As each NHL team is eliminated from playoff contention -- either mathematically or by losing in the postseason -- we'll take a look at why its quest for the Stanley Cup fell short in 2018-19, along with three keys to its offseason, impact prospects for 2019-20 and a way-too-early prediction for what next season will hold.
What went wrong
The Minnesota Wild were a decent team that couldn't score enough goals, especially when it mattered most. Minnesota was sixth-worst in the league, averaging 2.63 goals per game, and seemed particularly to sputter in important games.
All season, the Wild boasted one of the league's best expected-goals figures, suggesting that missing the playoffs for the first time since 2012 had some element of bad luck. But there always felt like something amiss with this team. The chances were there, but the personnel was never able to convert.
Sure, they were hampered by injuries. Mikko Koivu's season-ending ACL surgery was a dagger, as was losing offensively gifted defenseman Matt Dumba in December, especially as the 24-year-old was on the cusp of a breakout season.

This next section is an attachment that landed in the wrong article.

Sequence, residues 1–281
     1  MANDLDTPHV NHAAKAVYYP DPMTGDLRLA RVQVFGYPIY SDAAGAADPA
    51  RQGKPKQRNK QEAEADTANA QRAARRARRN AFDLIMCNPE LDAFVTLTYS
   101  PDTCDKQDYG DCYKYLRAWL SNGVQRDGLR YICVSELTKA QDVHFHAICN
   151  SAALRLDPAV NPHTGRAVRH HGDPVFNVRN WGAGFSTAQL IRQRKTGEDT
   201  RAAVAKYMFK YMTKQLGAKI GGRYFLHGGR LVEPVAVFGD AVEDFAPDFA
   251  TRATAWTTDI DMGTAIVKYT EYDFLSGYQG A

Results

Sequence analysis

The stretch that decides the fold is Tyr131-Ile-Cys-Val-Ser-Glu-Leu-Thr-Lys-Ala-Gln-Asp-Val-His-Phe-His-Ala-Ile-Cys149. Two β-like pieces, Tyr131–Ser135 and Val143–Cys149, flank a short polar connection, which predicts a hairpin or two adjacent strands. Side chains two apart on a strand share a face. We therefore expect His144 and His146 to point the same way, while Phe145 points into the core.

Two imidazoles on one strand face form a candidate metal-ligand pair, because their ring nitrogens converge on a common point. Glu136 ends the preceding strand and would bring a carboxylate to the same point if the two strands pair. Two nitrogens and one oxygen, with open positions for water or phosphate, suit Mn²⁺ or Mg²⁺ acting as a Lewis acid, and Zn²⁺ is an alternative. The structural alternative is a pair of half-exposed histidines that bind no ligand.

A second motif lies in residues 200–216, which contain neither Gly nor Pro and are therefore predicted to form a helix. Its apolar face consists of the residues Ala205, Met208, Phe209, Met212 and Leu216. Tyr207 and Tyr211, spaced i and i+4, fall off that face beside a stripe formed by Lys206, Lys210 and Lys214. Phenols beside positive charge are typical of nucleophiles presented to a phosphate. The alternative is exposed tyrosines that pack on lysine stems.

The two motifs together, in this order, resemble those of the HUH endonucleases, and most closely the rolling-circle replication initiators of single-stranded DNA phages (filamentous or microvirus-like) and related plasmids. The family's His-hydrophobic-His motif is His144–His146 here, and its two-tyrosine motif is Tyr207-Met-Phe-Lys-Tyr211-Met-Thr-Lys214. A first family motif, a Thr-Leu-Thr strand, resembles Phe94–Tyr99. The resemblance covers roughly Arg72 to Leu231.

But injuries cannot be the excuse yet again for this team. The defensive structure was strong, but an aging core and subpar production across the lineup led to this disappointing finish.
New general manager Paul Fenton was patient before he began putting his stamp on the roster. His first tweak -- shipping Nino Niederreiter to Carolina for Victor Rask -- did not pan out favorably. The trade-deadline acquisition of Ryan Donato for Charlie Coyle looks like a better swap, and the Kevin Fiala addition could be a fine long-term play.
However, it was too little, too late for a team that probably is in need of a bigger shakeup to push it past mediocrity.